December 17, 2017

Movie Review: Judy Moody and the NOT Bummer Summer

judy moody and the not bummer summerToo often movies dumb down the books they are based on, but Judy Moody and the Not Bummer Summer makes the leap from page to screen beautifully. Based on the Judy Moody book series by Megan McDonald, the film is colorful and fun, with the title character played by Jordanna Beatty a perfect casting pick.


The chief conflict is that Judy desperately wants her summer after third grade to be the most fun yet, but two of her three best friends will be away and can’t be her cohorts. Not only that, Judy and her brother must spend a good part of their vacation with their stranger of an aunt, Opal, whom they are certain will make them “eat fish guts for breakfast” and other awful things.  But when Aunt Opal, played by Heather Graham, makes her debut, she is anything but evil or boring.


So Judy challenges her friends to a Thrill Race instead, earning points for doing exciting things wherever they may be.  It’s hard for Judy to keep up with one friend at circus camp or another friend’s exotic adventures in Borneo, but with the help of her Big Foot-obsessed younger brother, and good friend, Frank, Judy has plenty of adventures of her own.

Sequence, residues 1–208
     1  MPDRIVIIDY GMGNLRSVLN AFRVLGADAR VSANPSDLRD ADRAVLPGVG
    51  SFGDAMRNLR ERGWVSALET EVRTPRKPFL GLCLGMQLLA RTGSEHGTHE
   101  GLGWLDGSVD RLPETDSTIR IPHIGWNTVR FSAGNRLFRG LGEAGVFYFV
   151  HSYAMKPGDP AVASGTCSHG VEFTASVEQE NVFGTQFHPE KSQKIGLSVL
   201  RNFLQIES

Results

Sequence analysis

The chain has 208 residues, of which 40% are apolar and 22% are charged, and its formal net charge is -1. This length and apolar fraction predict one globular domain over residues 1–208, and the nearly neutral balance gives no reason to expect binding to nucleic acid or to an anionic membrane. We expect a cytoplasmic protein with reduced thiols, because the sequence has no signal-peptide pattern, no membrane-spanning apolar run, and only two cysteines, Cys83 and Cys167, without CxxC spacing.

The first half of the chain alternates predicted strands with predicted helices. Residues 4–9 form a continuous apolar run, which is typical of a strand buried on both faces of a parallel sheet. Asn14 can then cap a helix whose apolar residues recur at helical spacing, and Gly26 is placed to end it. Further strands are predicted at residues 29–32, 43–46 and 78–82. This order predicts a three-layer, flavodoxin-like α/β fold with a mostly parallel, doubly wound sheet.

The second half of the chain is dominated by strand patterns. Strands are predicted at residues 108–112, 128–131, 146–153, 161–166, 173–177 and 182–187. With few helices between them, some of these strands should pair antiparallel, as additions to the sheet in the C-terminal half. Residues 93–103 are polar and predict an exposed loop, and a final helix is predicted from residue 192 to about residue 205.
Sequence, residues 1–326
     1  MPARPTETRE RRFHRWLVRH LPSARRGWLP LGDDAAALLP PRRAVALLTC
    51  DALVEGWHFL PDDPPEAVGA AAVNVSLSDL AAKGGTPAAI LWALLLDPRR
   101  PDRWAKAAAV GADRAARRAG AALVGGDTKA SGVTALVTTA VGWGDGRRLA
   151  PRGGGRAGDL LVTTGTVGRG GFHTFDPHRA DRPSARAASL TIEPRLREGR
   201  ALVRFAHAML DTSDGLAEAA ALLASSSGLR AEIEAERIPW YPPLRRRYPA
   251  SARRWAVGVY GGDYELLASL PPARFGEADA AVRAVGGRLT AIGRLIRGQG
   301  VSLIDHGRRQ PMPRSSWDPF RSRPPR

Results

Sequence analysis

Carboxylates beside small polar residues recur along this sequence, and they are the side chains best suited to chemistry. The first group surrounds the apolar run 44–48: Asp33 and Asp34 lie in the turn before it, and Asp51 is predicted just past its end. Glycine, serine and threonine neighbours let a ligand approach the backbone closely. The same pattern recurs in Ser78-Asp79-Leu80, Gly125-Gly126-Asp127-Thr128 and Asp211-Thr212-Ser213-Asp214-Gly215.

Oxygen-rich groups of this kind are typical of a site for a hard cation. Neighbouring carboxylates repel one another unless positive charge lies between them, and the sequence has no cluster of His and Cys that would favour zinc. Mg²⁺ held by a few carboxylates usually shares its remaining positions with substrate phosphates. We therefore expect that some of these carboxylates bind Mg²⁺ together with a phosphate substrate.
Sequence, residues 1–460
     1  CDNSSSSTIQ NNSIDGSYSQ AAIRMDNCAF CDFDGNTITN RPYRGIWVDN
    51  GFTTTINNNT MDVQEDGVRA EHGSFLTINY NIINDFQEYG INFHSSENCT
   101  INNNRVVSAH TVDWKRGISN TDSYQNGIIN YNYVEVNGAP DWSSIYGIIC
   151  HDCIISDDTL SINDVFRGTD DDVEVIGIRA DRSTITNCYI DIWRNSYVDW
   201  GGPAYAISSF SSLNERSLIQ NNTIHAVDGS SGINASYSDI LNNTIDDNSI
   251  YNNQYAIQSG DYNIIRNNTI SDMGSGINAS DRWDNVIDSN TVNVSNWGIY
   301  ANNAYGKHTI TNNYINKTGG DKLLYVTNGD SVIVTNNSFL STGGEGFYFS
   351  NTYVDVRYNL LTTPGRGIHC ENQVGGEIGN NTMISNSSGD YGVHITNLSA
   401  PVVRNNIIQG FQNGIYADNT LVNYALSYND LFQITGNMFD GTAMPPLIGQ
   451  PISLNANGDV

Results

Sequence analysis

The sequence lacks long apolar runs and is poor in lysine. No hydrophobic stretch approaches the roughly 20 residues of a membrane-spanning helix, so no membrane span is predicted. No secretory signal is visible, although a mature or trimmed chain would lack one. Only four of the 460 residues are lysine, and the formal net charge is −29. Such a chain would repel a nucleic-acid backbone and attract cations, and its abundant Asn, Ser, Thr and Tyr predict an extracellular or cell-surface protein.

Movies being what they are these days, I was anticipating vulgar language and lots of potty humor, but surprisingly there wasn’t any of the former and barely any of the latter.  When a toad pees on a friend, making her a member of the “TP” club, even I thought it was funny. Judy’s best friends are made up of boys and a girl, so even my sons were entertained, not thinking it was solely a girl’s movie in the least.


Judy is an imperfect heroine, reminiscent of Ramona Quimby or Anne of Green Gables. She has unkempt red hair and wears mismatched shoes, but it is her imperfections that give her charm.  She is imaginative, fun, and passionate about living. In a time when kids in movies are often scripted to sound smarter than all the adults around them, Judy is portrayed as an authentic nine-year-old.  Her character is sweet, perhaps a little one-dimensional, but it is targeted to kids after all.  There were no adult themes snuck in to appeal to adults, and I liked that.


Often Judy’s thoughts are shown in daydream like sequences when her character flashes to alternate settings, my four kids’ unanimous favorite parts of the movie.  She dog sleds in Antarctica, surfs, and key words pop up on screen taken straight from the books, making great visuals for younger viewers.


Judy and all of the other young characters are good role models. Thriving on imaginative play and unfazed by media or technology, these are American kids I would love to see my own kids befriend.


Judy and her pals are the opposite of moody. They are an absolute delight. It was perfect for kids as young as my 3-year-old and kids up to about 11 should enjoy it too.


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